5 Definition. Suppose s is a nonzero rational section of an invertible sheaf L on C, sos L(C). Let (s) be the divisors of poles and zeros of s. In other words, if (s) = p C n pp,thenn p is zero if p is neither a zero nor a pole; if p is a zero, then n p is the order of the zero of s at p; ifpis a pole, then n p is the negative of the order of the pole. For example, let C = P 1, L be the structure sheaf, and s the rational function x 0 (x 0 x 1 )/x 2 1.Then(s) = [0; 1] + [1; 1] 2[1; 0]. Definition/Proposition. The divisors associated to nonzero rational functions (i.e. the case when L is the trivial bundle) is a subgroup of the divisor group, called the subgroup of divisors linearly equivalent to 0, denoted Div 0 (C). Proof. We just need to check that this forms a group. If f and g are rational functions, then (f)+(g)=(fg) (explain), and (f) =(1/f). Definition. Define the divisor class group of C Cl(C) as the quotient Div(C)/ Lin(C). Proposition. Lin P 1 = { n p p where n p =0}. Here s why. Choose some standard affine A 1 with coordinate t, sothatnopis ) at. Then( p A 1(t p)n p = n p p(explain). Thus the right side is contained in the left side. Conversely, we ve seen that the sums of the orders of vanishing of any rational function on P 1 is 0, showing that the left side is contained in the right side. Corollary. Cl(P 1 ) = Z. Theorem. Cl(C) is naturally isomorphic to Pic(C). In the course of the proof, we ll see the identification quite clearly. Corollary. Pic(P 1 ) = Z. The map Pic(C) Cl(C). First of all, I mentioned earlier that we have a map as sets from data (L,s) (where s is a nonzero rational section of L) to Div(C). Note that those ordered pairs form a group: (L,s)(M,t)=(L M,st), (L,s) 1 = (L,s 1 ). Note also that this is a group homomorphism; call it φ. Next, if s and t are two rational sections of L. Then(L,s)(L,t) 1 =(O X,st 1 ). Hence φ(l,s) φ(l,t)(modlin(c)). Hence we get a map Pic(C) Cl(C). The map Cl(C) Pic(C). Similarly, we ll construct a map Div(C) Pic(C), and show that Lin(C) goes to the identity in Pic(C), i.e. the invertible sheaf O C. Given a divisor D, we construct an invertible sheaf O C (D). 5
6 Define a sheaf as follows. Recall that the sections of the structure sheaf were defined as O C (U) = p U O C,p = {x k(c) v p (x) 0 for all p U}. Remember why it was easy to check that this was a sheaf. Define O C ( n p p)(u) = p U O C,p = {x k(c) v p (x)+n p 0 for all p U}. Example. Suppose C = P 1, with coordinates [x 0 ; x 1 ], and D = [1; 0]. Then let s find the global sections of O C (D). These are rational functions, whose valuations are nonnegative everywhere, except possibly 1 at [1; 0]. One such function is 1. Another is x 0 /x 1, which has a simple pole at [1; 0]. Hence O C ([1; 0]) has at least 2 global sections. Exercise. O(p) onp 1 is O(1). (Hence we ve found all the global sections; any global section is a linear combination of these 2.) Another consequence: all invertible sheaves on P 1 are of the form O(m). (For the experts: you can jack of this proof to show the same result for P n. I can give you the details in a minute or two at some other time if you like.) Addition to problem on problem set: the section corresponding to 1 in the previous paragraph actually has a zero (despite what you think) find it! Now we ve gotten this sheaf; I ll now show that it is invertible, by giving a trivializing cover. Suppose p 1,..., p n are the points appearing in D (i.e. where n p 0). Let U 0 be the open set C \{p 1,...,p n }. Then the restriction of the sheaf O C (D) to this open U 0 is (isomorphic to) the trivial sheaf visibly: For U U 0, the sections of O C (D) U0 over U are p U O C,p = {x k(c) v p (x) 0 for all p U}, whichis precisely O C U0. Now define U i (1 i n) as follows. Choose any rational function f i k(c) such that v pi (f i )=n i.then(f i )=n i p i + other stuff. Let U i be C minus the other p j minus the other stuff. Hence the part of the divisor (f i )onu i is just n i p i. Note that the U i s and U 0 cover all of C; so we just need to show that the sheaf O C (D) is trivial on U i (1 i n). For U U i, the sections of O C (D) Ui over U are p U O C,p = {x k(c) v p (x/f) 0 for all p U}. This is isomorphic to p U O C,p = {y k(c) v p (y) 0 for all p U} (just take y = x/f), which in turn is precisely O C Ui. So at this point we have a map Div(C) Pic(C). To construct the desired map Cl(C) Pic(C), we just need to show that the image of Lin(C) Pic(C) is0.(i didn t do this in class.) Suppose D Lin(C). Let s be a rational function such that (s) = D.Then O C (D)(U) = p U O C,p = {x k(c) v p (x)+n p 0 for all p U} = p U O C,p = {x k(c) v p (sx) 0 for all p U} = p U O C,p = {y k(c) v p (y) 0 for all p U} = O C (U). 6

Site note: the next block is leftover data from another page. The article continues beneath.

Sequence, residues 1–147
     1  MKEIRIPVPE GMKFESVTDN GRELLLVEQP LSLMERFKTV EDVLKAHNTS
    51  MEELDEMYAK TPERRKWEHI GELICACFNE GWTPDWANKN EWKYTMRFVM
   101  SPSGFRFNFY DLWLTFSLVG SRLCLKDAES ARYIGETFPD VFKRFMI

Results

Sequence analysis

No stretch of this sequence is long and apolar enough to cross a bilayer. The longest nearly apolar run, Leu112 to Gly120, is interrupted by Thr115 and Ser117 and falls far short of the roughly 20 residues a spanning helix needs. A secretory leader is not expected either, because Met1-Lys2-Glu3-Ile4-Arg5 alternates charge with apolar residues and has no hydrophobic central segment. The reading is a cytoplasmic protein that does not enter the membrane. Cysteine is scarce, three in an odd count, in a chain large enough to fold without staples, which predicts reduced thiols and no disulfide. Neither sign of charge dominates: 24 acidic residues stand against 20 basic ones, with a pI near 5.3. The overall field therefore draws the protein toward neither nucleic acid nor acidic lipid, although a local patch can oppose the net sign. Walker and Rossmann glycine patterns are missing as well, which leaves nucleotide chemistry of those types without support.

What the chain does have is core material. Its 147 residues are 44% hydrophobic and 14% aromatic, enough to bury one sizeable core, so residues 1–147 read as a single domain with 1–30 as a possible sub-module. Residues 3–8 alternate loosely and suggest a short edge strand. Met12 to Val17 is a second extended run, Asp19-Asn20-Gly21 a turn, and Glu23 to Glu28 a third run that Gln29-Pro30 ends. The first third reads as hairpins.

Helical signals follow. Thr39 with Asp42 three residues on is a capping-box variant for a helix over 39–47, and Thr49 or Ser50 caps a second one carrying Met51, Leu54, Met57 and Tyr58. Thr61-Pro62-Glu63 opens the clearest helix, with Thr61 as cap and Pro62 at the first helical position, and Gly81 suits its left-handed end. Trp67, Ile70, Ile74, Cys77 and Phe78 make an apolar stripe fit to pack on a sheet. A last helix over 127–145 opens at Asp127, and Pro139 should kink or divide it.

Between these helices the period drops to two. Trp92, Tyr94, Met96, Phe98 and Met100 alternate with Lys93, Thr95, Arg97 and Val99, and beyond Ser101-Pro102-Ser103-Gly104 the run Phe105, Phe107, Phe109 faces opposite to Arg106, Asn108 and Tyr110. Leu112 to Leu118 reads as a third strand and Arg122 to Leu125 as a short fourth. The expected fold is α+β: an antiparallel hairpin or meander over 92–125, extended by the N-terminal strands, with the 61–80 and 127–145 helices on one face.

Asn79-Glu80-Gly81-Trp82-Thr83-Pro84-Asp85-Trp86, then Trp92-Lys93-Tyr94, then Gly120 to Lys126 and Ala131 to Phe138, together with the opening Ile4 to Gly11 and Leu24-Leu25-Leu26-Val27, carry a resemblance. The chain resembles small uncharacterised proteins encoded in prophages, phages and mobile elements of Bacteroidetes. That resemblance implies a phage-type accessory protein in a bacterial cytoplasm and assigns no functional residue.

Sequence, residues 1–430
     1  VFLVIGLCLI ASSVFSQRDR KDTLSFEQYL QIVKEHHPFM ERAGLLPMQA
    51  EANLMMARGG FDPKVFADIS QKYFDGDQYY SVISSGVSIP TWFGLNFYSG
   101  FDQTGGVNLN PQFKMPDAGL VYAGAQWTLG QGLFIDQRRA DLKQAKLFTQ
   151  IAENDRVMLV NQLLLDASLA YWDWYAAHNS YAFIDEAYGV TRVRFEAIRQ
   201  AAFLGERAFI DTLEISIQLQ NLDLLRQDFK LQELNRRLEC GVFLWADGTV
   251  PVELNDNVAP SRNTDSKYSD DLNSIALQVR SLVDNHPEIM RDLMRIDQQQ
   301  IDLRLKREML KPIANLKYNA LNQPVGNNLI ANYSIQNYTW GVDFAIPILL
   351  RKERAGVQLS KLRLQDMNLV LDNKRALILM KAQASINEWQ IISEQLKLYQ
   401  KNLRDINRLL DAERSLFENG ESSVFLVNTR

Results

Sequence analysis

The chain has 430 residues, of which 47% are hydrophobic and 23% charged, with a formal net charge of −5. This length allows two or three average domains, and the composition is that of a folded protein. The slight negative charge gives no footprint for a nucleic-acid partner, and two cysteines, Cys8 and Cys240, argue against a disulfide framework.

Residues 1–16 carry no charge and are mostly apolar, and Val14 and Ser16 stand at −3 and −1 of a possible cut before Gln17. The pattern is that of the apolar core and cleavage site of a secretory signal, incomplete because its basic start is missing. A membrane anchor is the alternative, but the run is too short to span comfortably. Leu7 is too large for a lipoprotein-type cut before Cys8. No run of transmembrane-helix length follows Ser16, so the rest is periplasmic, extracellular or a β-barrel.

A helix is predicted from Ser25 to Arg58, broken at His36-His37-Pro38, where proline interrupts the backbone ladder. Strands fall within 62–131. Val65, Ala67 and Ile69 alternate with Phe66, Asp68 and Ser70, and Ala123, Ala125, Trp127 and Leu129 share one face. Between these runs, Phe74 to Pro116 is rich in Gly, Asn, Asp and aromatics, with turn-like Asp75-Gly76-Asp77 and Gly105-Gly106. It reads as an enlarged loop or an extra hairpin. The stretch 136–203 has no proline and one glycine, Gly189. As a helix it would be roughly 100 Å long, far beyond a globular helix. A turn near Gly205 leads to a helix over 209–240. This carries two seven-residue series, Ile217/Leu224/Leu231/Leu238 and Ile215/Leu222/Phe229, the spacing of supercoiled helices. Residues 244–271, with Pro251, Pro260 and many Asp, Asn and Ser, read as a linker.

7 Notice that this identification commutes with restriction maps. Hence O C (D) = O C. Both of these maps Pic(C) Cl(C) and Cl(C) Pic(C) commute. I didn t explain this in class. I ll just sketch both directions. There s a lot of content packed into a few sentences; ask me about any steps you re suspicious about. Start with a divisor D on C. Consider O C (D) as just defined. Choose the section s corresponding to the rational function 1 k(c). You can check that the divisor of zeros of s is precisely D. Hence the composition Cl(C) Pic(C) Cl(C) is the identity. For the other direction, suppose you have an invertible sheaf L. Let s be any rational section, so we get a divisor (s )=D. We wish to show that L = O C (D). Construct the section s of O C (D) as in the previous paragraph (corresponding to the rational function 1 k(c)). You can check that (s )=Das well. Hence s/s is a rational section of L O C (D) ; this rational section has associated divisor D D = 0, hence has no zeros or poles. Hence this is a regular section (as it has no poles) that is invertible (as it has no zeros). But we ve seen earlier that any invertible sheaf with a nowhere vanishing section is the trivial sheaf, so L O C (D) =O C,soL =O C (D) as desired. This completes the proof of the theorem. Coming up in the last two classes: Degree of a line bundle/invertible sheaf. The sheaf of differentials (= the canonical sheaf) of a nonsingular curve. The celebrated RiemannRoch theorem, with applications but no proof. 7